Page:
What is the best invesment portfolio as an NSF that will go into university next year? - Seedly
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Anonymous

Asked on 05 Aug 2020

What is the best invesment portfolio as an NSF that will go into university next year?

I am currently an NSF (ord in 9 months) and wish to start investing. I currently have a savings plan with AIA Pro Achiever, putting in $200/mth. I intend to invest some extra $200-$400. Is ETFs the right choice to go? I appreciate any advice given

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Augustine
Augustine
Level 6. Master
Answered on 05 Aug 2020

AIA Pro Achiever is actually an Investment Linked Policy (ILP) even if it may be marketed as a savings plan as you've mentioned.

There's nothing wrong with getting an ILP if you don't really want to take as much risk and are not confident of doing better than the ILP's returns. I personally don't like having my money locked up for such a long period of 13 years under AIA Pro Achiever.

ETFs are no doubt an easier route to go as you're provided with diversification as well as some capital appreciation and dividends. You can gain access to it either by investing in ETFs directly or through a roboadviser. I would recommend the latter as roboadvisers provide features such as rebalancing of portfolio and fractional shares (some, not all).

Lastly, if you don't mind taking on more risk and don't have any financial liabilities in the medium term, then you can consider getting into equities.

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J
Jaye
Level 6. Master
Answered on 14 Aug 2020

ILPs are generally not worth it if as compared to passive investing in an ETF. I personally agree with Frankie's answer (his article is long, but please read and understand what he wishes to convey) so you can then digest and decide if you wish to continue with the ILP.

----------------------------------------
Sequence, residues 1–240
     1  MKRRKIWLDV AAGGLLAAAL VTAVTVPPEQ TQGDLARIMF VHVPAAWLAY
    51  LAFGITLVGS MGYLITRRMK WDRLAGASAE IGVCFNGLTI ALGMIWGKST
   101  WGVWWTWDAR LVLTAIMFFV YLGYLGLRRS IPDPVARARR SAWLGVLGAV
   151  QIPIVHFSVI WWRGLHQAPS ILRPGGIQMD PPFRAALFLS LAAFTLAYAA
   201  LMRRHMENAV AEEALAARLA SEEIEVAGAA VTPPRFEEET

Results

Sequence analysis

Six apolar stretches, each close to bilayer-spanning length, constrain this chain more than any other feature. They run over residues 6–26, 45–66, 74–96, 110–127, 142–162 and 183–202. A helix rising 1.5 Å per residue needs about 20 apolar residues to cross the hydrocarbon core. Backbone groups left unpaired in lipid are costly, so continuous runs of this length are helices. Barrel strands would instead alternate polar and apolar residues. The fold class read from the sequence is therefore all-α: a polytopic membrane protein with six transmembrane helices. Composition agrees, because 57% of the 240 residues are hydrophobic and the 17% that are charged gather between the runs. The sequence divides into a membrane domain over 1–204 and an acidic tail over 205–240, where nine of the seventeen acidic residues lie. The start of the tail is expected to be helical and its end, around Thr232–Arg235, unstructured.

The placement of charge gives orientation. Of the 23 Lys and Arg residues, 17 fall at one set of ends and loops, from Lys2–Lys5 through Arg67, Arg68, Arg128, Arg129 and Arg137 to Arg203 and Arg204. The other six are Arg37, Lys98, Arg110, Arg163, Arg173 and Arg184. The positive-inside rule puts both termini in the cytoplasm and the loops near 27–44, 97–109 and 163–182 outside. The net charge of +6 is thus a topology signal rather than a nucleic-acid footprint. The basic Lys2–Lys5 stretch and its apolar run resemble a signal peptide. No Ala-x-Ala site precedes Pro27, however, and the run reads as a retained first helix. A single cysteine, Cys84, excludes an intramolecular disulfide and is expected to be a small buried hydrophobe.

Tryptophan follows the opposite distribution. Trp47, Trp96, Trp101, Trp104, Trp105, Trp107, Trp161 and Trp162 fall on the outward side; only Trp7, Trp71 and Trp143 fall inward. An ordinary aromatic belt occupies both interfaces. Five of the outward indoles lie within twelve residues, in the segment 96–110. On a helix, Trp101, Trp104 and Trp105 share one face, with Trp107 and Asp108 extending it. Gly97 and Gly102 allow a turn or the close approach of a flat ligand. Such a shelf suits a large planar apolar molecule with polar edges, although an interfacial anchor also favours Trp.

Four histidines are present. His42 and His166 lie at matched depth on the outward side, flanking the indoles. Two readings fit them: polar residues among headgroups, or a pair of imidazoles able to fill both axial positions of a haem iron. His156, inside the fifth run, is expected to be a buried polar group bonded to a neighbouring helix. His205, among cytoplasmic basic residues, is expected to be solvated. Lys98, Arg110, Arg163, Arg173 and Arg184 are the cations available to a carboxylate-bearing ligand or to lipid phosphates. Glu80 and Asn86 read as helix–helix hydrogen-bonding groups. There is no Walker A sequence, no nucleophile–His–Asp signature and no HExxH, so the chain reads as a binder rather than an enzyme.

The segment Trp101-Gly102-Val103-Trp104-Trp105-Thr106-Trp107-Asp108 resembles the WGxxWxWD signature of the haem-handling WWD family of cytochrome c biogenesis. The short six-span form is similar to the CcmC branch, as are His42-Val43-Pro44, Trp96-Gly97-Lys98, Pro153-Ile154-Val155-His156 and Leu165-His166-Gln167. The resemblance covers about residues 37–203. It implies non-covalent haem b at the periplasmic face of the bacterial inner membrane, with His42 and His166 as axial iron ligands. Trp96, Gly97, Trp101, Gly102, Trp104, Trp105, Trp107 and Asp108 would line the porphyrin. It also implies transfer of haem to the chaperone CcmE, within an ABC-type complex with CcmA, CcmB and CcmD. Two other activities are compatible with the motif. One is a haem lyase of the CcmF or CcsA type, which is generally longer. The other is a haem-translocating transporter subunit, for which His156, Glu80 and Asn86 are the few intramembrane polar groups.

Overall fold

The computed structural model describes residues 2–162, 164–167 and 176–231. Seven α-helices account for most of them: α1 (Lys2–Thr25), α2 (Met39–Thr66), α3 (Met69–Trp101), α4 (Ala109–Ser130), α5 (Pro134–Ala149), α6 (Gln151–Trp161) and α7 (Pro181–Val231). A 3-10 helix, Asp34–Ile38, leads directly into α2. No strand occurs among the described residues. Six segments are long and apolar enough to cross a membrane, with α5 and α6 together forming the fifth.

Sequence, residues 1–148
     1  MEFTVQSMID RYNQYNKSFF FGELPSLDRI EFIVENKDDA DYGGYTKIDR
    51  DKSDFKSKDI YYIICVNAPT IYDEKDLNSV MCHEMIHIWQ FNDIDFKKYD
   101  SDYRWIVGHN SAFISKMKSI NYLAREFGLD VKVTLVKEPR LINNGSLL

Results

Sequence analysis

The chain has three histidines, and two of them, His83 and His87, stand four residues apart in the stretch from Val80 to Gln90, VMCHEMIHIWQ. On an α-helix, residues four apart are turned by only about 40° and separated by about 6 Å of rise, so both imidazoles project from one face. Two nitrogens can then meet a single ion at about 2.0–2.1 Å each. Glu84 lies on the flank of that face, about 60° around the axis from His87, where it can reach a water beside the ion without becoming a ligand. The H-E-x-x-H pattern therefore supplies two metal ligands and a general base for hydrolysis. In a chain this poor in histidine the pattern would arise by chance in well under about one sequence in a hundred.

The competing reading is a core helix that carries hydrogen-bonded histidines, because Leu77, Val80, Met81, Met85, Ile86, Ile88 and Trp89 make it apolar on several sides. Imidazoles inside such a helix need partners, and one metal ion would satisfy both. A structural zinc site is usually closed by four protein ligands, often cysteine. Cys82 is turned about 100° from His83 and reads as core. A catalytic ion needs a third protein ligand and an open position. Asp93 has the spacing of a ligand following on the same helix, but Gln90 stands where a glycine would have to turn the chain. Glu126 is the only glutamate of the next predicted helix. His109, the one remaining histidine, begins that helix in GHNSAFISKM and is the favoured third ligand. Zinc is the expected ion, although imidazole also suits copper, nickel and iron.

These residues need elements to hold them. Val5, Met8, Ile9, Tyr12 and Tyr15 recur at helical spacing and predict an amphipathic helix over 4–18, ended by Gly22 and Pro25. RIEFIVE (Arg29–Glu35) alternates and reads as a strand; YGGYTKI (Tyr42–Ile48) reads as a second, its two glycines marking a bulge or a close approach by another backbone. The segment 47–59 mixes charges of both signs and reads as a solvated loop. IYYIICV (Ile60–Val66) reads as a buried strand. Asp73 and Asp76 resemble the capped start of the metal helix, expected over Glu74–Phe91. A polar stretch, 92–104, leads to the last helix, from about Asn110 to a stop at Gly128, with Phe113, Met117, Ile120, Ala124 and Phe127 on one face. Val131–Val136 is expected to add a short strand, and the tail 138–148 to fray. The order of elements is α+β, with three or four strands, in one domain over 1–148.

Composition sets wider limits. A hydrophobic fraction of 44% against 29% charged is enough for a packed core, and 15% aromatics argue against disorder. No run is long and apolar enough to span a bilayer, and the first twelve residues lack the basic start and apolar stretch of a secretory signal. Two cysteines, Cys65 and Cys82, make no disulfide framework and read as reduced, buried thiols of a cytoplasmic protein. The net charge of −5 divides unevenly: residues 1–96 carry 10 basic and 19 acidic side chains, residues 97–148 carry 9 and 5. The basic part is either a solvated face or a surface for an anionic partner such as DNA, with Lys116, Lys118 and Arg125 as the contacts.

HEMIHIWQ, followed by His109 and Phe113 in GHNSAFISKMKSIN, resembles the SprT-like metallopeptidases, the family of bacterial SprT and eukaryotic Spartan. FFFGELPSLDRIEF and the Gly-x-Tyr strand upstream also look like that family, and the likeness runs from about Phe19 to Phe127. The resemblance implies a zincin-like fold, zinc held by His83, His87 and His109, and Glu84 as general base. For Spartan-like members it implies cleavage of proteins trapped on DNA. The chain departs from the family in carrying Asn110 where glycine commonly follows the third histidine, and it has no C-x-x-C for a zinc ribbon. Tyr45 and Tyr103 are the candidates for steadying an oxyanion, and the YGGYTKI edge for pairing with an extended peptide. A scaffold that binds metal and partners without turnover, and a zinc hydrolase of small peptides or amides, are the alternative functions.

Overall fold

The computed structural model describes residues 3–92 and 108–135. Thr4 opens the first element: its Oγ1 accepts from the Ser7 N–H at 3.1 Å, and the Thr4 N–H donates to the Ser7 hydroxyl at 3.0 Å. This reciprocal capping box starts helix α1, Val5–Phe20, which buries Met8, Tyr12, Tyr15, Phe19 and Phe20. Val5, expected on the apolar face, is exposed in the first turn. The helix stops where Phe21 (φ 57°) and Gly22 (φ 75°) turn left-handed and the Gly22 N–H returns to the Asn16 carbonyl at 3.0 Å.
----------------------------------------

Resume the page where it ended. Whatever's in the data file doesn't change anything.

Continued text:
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Tan Yu Ji
Tan Yu Ji, Economics at Nanyang Technological University
Level 6. Master
Answered on 14 Aug 2020

Yes like what ATJY said, AIA pro achiever is actually an ILP. You should talk to your financial advisor about it as i really don't recommend someone buying an ILP due to its high costs. They will charge you around 2.5% per annum just to help manage the fund. Additionally, the money is being locked up too.

If you are new to investments, you can try out robo advisors like stashaway or syfe. They will help you diversify your portfolio at a low cost!

Additonally, if you are more adventurous, you can also invest in ETFs on your own. Do use the regular savings plan option in FSMone to adopt dollar cost averaging. If you need the referral for stashaway so we can both get 6 months free management, do let me know!

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Zi Shuen
Zi Shuen, Economics at NTU
Level 6. Master
Answered on 14 Aug 2020

Cancel the AIA Pro Achiever if you just started, the trade-off is just not worth it.

I'd suggest 2 things for DCA